U.S. government backs Honduran oligarchy
Published Mar 14, 2010 7:33 PM
The Obama administration continues to support the ruthless Honduran oligarchy
in its war against a nonviolent political and social movement led by the Frente
Nacional de Resistencia Popular. The movement has united peasants, workers,
trade unionists and students; the Garifuna, Afro-Honduran and Indigenous
communities; and lesbian/gay/bi/trans/queer activists, women’s groups,
intellectuals and Christians guided by liberation theology.
The FNRP was formed after the Honduran military kidnapped President Jose Manuel
Zelaya. On June 28 Zelaya was taken from his residence to the Soto Cano Air
Base — a U.S. military installation in Honduras — and flown to San
Jose, Costa Rica.
The Obama administration claimed it knew nothing of the coup until after the
fact. But aircraft cannot fly in or out of the base without clearance from the
612th Air Base Squadron, which is in charge of base operations, air traffic
control and checking flight manifests. Vehicles cannot enter or leave the base
without clearance from the Joint Security Force, which is responsible for base
security and includes Army, Marine and Air Force personnel.
The Honduran military has umbilical-cord ties to the Pentagon. Two of the
military leaders of the coup — Gen. Romeo Vasquez and Gen. Luis Javier
Prince Suazo — are graduates of the School of the Americas located on the
U.S. Army base at Fort Benning, Ga. The Honduran Air Force Academy is located
on the Soto Cano Air Base. It is inconceivable that the Honduran military could
make the necessary coup preparations, including troop movements and telephone
calls, without Pentagon, CIA and U.S. embassy knowledge.
U.S. Secretary of State Hillary Clinton told reporters during a recent trip to
South America that “The Honduras crisis has been managed to a successful
conclusion. It was done without a civil war, it was done without violence, and
I think that our policy in the vast majority of countries in Latin America is
either given high marks or great respect.” (Reuters, March 1) This is a
This writer travelled to Honduras in October as part of a fact-finding and
solidarity delegation initiated by the International Action Center and observed
first-hand a civil war — from the barrios to downtown — in the
streets of the capital city Tegucigalpa. One side — the Armed Forces of
Honduras and the National Police — had automatic weapons and crowd
suppression devices, while the other side — the FNRP — was
Since day one of the coup the oligarchy has used violence in an attempt to
destroy the FNRP. Peaceful demonstrators have been beaten up, gassed and shot
to death. Death squads and nightriders in pickup trucks with tinted windows
have followed and seized FNRP members. In February Vanessa Yamileth Zepeda, a
leader of the Workers Union for the Honduran Social Security Institute; Julio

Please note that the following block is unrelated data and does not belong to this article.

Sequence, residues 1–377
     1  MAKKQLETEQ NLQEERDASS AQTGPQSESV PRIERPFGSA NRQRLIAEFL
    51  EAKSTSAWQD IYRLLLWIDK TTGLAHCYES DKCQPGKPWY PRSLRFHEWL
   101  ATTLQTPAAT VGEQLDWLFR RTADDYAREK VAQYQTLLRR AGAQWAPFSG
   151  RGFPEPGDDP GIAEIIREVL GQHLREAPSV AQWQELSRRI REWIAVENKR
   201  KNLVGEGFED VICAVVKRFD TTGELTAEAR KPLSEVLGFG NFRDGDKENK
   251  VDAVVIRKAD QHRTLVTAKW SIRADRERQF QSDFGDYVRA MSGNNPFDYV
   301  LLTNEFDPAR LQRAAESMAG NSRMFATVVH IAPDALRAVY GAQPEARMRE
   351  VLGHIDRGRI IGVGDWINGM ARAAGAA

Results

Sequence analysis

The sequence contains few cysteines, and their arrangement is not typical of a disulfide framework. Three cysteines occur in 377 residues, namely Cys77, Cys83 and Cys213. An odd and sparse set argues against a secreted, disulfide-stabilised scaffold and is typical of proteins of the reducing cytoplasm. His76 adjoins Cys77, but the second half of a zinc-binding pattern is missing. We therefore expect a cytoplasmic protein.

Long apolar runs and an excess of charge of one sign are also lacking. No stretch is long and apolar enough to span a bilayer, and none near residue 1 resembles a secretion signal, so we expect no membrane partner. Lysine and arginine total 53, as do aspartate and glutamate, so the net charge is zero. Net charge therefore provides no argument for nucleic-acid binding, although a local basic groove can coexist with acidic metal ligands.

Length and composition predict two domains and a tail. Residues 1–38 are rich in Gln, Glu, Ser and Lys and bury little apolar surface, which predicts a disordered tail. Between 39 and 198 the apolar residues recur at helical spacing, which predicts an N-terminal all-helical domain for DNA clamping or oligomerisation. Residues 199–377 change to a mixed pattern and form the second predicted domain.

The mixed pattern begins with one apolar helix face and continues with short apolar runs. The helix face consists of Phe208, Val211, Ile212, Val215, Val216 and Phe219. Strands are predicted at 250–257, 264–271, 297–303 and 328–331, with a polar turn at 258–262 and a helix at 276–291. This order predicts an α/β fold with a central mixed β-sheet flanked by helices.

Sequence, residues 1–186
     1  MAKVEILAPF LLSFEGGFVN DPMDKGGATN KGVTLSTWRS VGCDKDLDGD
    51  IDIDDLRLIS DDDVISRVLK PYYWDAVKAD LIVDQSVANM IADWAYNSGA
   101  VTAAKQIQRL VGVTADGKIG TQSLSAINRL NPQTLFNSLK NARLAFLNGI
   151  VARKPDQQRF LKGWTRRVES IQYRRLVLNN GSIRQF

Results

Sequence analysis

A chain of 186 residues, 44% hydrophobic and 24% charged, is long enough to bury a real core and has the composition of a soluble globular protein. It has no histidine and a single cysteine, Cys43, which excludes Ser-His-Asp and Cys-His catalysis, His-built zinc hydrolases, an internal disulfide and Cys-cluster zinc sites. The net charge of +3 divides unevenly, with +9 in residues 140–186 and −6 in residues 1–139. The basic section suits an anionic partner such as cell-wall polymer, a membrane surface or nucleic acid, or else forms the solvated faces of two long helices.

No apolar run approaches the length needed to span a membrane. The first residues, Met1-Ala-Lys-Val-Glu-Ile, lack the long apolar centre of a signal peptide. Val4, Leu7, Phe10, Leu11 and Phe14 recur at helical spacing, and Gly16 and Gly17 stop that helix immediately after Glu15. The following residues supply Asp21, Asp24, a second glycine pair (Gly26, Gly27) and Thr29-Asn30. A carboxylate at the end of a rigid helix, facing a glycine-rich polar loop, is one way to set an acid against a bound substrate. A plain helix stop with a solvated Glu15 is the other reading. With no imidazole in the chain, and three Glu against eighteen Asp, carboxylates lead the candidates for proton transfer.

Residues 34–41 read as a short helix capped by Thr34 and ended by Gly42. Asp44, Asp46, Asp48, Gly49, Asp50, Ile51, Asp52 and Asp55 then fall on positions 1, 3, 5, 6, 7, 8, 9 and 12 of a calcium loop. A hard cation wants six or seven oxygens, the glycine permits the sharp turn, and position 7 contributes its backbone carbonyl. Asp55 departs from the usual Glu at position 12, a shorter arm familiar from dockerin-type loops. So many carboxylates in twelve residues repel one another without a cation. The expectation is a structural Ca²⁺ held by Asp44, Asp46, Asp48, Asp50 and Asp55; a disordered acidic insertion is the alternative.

Funez Benitez, a member of the SANAA national utility union; and Claudia Larisa
Brizuela Rodriguez, the daughter of a prominent FNRP leader, were all murdered
by death squads.
The Feminist Collective of University Women is a radical women’s
organization that opposes the coup and supports LGBTQ rights. In an interview
posted on the Web site hondurashumanrights.wordpress.com on March 7, members
Blanca Dole, Celeste Mejia and Gabriela Flores all described receiving
threatening phone calls and being followed by cars with tinted windows and no
Solidarity is key
Most Latin American countries do not recognize the coup-installed government,
whether led by Roberto Micheletti or Porfirio Lobo. Yet on March 4 Clinton
directed the release of $30 million to the current coup leaders.
At this time international solidarity, especially from North America, is most
important to the FNRP. The rotation of short-term delegations and the work of
activists based in Honduras give space to the FNRP and ensure that the Honduran
people are not isolated and that the actions of the oligarchy and the Honduran
military are documented for future consideration in international courts of
North American solidarity with the Honduran people has its own heroic history.
James Carney, a Jesuit priest from Missouri known as Padre Guadalupe, was the
spiritual advisor to a Honduran guerrilla unit of the Revolutionary Party of
Central American Workers-Honduras. In July 1983 Padre Guadalupe was captured by
the infamous Honduran army Battalion 3-16 and executed with CIA agents
One of the leaders of the unit who was killed in the same action was the
Nicaraguan-American David Arturo Baez Cruz. Baez Cruz was a former member of
the U. S. Army Special Forces who was radicalized while stationed in Panama.
The events are described in the book “Inside Delta Force” by Eric
Haney, a U.S. military advisor to Battalion 3-16 in July 1983.
Thousands will gather in Washington, D.C., on March 20 to protest the U.S. wars
in Afghanistan and Iraq. It is important that the U.S. war against the people
of Honduras also be on the agenda that day.
Articles copyright 1995-2012 Workers World.
Verbatim copying and distribution of this entire article is permitted in any medium without royalty provided this notice is preserved.
Workers World, 55 W. 17 St., NY, NY 10011
Email: [email protected]
Subscribe [email protected]
Support independent news DONATE